Does Peanut Butter Cause Constipation?
This is a common question from many so included here in this article. Snacking on peanut butter is an enjoyable treat for dogs and is healthy for them. Normally, peanut butter doesn’t make dogs constipated. However, moderating everything is very important.
As mentioned earlier, having too much or too little fiber in the diet is one reason for constipation in dogs. Peanut butter is a good source of protein and fiber, but will not cause constipation.
Constipation in your dog does not necessarily indicate that peanut butter is at fault. Perhaps your pet ate something earlier and now it’s causing the problem. Make sure your dog doesn’t eat any more peanut butter if he is constipated. You can help your pet with bowel movements by giving them some canned pumpkins and water.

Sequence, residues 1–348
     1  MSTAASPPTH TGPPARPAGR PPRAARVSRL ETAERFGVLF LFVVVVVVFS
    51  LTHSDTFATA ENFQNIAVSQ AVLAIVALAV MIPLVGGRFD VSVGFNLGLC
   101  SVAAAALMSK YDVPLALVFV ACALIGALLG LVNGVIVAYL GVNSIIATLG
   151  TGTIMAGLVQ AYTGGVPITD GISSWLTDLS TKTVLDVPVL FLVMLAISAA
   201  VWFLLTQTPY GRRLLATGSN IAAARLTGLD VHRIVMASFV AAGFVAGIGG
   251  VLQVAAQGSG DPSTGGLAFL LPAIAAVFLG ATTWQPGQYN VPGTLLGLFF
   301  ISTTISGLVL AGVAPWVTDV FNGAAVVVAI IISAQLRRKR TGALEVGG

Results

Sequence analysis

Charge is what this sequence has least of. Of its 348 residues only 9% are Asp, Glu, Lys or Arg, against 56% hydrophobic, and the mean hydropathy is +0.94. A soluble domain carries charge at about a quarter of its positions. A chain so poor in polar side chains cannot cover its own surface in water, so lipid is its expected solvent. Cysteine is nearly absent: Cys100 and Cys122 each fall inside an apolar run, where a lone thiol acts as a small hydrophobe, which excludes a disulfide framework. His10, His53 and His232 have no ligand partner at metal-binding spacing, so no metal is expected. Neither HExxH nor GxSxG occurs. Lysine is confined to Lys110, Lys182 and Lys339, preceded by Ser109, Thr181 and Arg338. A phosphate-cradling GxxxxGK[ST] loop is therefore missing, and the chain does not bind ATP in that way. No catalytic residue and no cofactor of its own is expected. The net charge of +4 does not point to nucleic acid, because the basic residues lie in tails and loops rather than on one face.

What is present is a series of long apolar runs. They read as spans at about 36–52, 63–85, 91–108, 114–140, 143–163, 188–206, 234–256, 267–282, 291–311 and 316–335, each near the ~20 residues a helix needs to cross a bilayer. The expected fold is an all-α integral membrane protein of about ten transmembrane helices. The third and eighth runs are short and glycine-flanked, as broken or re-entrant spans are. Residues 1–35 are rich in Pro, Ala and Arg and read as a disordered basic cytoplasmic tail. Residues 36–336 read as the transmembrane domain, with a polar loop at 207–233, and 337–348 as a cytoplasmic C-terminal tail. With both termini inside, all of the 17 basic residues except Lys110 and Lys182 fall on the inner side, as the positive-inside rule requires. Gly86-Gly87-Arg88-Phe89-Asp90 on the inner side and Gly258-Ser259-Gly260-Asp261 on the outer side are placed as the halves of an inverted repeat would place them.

Sugar-replacement sweeteners using Xylitol are becoming more common in hundreds of products. This includes peanut butter as well.
People can use Xylitol to replace sugar as an “all-natural” sugar substitute. The problem is that it can be extremely harmful to dogs. Every year, thousands of dogs are poisoned by it.
There are more than 700 products that contain xylitol, including Peanut butter. The good news is that people are becoming more aware of xylitol.
Therefore, choose any peanut butter that doe not contain xylitol.
The best cure is prevention. Having said that, if you take care of your dog properly, there should be no constipation problem. Taking care of your dog means ensuring it gets enough exercise and water. Providing a fiber-rich diet that is well-balanced. You should be aware that fiber can cause constipation if not adequately hydrated.